Deadly Friend is 30 years old? When I realized the big three-oh was on the horizon for Wes Craven’s oft forgotten chiller, I had to double check the date to be sure. Sure enough, it opened on October 10th, 1986, right alongside Jumpin’ Jack Flash and Peggy Sue Got Married, back when Crocodile Dundee still topped the charts. Like Bennett said in Commando: “You’re getting old, John!” I just realized that Commando is even older – 31 years old on October 4th! But I digress.
I was 13 years old in 1986. I didn’t see Deadly Friend in the theaters. It pretty much bombed at the box office, so it was on cable not long after. I had recorded a copy off of HBO in 1987 or 1988 and was more than happy to loan it out to my classmates… at least long enough to see “the scene.” Yes, anyone who’s watched Deadly Friend knows the scene I’m talking about. This one!
Is that badass or what? World-renowned film critic Gene Siskel agreed! He wrote in his 2 1/2 star Chicago Tribune review: “The film contains a beguiling simplicity and one classic scene in which a basketball becomes a lethal instrument. In sum, a decent, insignificant little thriller.” Given Siskel’s history of trashing horror and women in danger films, that’s some bold praise.
Gene further summarized in his review: “Deadly Friend, despite ads that suggest it is another slasher film, is a really feathery – and at times comic – horror piece about a student inventor whose robot is destroyed. He implants the robot’s memory chip into the brain of the girl next door, who was accidentally killed by her abusive father.” Gene’s right. The trailers and TV spots totally make it look like a slasher pic, even though Wes Craven never intended it as such.
I’m a fan of Deadly Friend. I’m not ashamed to admit it. I carried my worn VHS copy around for a long time. The studio didn’t release it on DVD until September of 2007, so I had to settle for a “convention copy,” complete with cheapo plastic case and inkjet produced artwork from probably 2000 on. It’s been years since I watched it, so I ordered a copy from Amazon last week (part of the Twisted Terror collection) so I could revisit my youth.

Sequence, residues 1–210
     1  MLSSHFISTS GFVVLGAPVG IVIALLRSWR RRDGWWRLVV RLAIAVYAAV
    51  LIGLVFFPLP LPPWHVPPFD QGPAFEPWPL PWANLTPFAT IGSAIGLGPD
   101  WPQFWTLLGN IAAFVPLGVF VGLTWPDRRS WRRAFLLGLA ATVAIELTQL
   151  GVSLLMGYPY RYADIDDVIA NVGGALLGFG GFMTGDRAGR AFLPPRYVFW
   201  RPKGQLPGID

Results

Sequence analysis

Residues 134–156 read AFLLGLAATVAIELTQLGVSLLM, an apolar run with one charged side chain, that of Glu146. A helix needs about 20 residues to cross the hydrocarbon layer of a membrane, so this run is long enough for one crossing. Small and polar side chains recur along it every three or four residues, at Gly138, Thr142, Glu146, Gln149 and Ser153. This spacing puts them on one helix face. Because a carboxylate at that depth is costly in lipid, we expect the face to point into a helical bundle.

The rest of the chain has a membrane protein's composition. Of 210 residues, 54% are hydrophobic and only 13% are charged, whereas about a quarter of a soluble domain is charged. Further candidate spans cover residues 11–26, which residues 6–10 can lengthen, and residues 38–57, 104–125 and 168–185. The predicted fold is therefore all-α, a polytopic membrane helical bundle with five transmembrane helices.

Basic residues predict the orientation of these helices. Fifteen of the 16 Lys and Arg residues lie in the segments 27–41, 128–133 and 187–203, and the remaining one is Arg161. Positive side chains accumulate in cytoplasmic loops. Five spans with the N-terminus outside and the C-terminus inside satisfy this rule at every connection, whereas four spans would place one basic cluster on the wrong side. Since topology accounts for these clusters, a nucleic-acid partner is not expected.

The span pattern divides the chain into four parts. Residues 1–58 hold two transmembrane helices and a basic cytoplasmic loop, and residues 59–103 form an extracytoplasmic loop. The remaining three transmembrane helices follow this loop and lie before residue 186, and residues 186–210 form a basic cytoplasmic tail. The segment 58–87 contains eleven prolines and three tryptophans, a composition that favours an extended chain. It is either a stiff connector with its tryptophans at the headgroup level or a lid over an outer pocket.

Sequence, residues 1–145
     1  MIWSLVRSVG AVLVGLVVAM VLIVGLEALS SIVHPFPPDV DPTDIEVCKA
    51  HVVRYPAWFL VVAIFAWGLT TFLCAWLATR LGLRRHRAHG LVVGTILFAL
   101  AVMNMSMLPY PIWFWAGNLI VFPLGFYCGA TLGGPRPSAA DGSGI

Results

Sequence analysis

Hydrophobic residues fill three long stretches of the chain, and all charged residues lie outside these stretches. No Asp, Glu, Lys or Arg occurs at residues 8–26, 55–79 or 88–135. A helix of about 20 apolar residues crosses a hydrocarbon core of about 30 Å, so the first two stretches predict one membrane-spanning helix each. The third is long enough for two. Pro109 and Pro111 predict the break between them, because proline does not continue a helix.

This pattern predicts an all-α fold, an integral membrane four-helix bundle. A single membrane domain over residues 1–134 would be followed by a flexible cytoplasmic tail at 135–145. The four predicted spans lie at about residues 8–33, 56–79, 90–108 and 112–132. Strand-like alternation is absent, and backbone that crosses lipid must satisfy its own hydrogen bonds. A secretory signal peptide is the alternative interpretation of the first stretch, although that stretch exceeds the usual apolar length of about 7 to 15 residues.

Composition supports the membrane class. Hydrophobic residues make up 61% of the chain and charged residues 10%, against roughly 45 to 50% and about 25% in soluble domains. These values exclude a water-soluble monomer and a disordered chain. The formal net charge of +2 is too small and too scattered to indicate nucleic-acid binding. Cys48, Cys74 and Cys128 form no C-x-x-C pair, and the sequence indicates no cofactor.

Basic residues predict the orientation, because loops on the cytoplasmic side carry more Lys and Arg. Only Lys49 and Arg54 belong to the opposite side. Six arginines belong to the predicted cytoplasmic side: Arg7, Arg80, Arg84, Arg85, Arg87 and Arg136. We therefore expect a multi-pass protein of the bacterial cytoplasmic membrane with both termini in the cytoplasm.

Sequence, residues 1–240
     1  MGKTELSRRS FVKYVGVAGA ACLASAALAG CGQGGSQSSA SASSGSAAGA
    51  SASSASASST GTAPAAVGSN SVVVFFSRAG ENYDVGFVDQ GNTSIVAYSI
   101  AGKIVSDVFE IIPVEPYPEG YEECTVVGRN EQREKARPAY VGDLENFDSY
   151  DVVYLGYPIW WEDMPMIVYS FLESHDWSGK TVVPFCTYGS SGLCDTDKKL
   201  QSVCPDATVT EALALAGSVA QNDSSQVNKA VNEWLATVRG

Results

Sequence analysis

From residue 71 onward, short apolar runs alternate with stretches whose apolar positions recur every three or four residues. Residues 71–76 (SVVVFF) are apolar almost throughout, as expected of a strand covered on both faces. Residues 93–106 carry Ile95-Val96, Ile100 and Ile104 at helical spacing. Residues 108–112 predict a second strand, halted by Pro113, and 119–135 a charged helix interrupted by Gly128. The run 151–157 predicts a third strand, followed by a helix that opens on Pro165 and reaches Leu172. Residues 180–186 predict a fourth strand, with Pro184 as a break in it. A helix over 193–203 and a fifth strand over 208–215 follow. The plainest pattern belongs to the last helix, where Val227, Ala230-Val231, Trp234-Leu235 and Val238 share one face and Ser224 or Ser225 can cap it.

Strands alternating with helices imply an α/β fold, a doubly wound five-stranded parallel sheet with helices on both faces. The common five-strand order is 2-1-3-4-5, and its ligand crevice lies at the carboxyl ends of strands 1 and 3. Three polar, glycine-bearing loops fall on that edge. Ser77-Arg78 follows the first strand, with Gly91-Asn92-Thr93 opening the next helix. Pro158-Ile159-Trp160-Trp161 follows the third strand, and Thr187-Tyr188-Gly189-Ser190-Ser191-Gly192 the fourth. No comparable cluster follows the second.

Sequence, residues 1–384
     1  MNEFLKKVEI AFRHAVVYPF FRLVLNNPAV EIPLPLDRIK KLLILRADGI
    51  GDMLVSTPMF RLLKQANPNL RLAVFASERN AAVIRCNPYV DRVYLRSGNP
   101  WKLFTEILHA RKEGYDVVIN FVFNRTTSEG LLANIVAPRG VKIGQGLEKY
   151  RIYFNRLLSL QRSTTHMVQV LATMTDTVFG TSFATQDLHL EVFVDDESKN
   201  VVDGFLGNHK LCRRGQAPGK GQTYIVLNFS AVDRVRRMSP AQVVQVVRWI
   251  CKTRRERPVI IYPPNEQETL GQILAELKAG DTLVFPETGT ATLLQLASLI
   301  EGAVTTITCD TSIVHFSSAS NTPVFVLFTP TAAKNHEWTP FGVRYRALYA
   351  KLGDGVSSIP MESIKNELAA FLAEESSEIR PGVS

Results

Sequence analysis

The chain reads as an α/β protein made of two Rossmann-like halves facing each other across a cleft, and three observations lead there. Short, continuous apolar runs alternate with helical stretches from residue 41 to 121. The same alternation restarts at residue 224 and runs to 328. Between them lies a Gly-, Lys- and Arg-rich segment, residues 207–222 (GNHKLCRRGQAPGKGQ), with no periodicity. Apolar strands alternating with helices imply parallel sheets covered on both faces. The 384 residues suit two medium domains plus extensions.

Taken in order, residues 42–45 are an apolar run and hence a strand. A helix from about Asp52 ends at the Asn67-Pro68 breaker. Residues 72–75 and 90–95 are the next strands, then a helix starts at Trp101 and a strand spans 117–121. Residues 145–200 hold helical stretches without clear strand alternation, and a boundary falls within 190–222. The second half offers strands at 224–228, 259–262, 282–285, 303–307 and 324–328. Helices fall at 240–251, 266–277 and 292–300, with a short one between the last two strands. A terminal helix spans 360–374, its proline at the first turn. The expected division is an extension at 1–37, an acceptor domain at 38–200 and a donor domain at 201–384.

The movie starts out a little cheesily. Boy-genius Paul Conway (played by a dude whose career was likely stunted because his name is so hard to spell -Labyortou?? Laborteauk? Labyorteaux! He did manage quite a few years on Little House on the Prairie, so there’s that) and his mom (Anne Twomey) return to their car where Paul’s robot “Bee Bee” just prevented a carjacking utilizing a WWE style choke hold. The robot honestly feels like a blatant attempt to cash in on the success of Short Circuit, a hit film released earlier in 1986. A few scenes later, said “rip off robot” shows some fashion challenged bikers why you shouldn’t mess with Johnny Five…er…Bee Bee.
The movie improves from here, fortunately. Paul meets his beautiful neighbor, Sam (Buffy the Vampire Slayer‘s Kristy Swanson), and finds out she’s being abused by her father. Bee Bee is destroyed by the crazy, shotgun-toting Elvira (Anne Ramsey: The Goonies 1985), Sam is killed by her abusive father and all hell breaks loose. Paul puts Bee Bee’s “brain” into Sam’s skull and, ala Frankenstein and Re-Animator, we have ourselves a misunderstood, walking death machine on our hands. Sam’s dad (Richard Marcus: Tremors 1990) pays the price, as does the neighbor (basketballed!) who blew Bee Bee away as robotic Sam uses her newfound life to go on a mini killing spree. In the end, Sam falls victim to the local Police firing squad and winds up in the morgue for one final, nonsensical scare.
There is a definite Nightmare on Elm Street (1984) vibe to a lot of the scenes in the film. It feels very Craven in a lot of ways. Apparently, the studio shoehorned in the various dream sequences to try to cash in on the Nightmare audience after a test screening was not well received. Another thing that’s reminiscent of Craven’s breakout film is the soundtrack. Deadly Friend was scored by A Nightmare on Elm Street composer Charles Bernstein, who also scored April Fool’s Day (1986), among others. It’s haunting, creepy and very memorable. I love it.
Fans of Deadly Friend don’t get a lot of love from Warner Bros. There’s no Director’s Cut, no Special Edition, and no commentary track on the DVD. All you get is a trailer and the movie. But hey, at least it’s in widescreen! I found out recently that Deadly Friend was based on a book by Diana Hensell called Friend. Lucky for you (and me!) the Kindle Edition is just 99 cents over at Amazon right now.
It was fun to revisit Deadly Friend after all these years. If you’ve never seen it, or if it’s been a while for you, I recommend you take a look back at it, too. It isn’t Wes Craven’s finest hour, but it is certainly an interesting footnote in his horror legacy. I leave you with a cool interview I found on YouTube with Wes Craven and Kristy Swanson. Enjoy!
Happy 30th, Deadly Friend! How about a 35th Anniversary Special Edition, Scream Factory?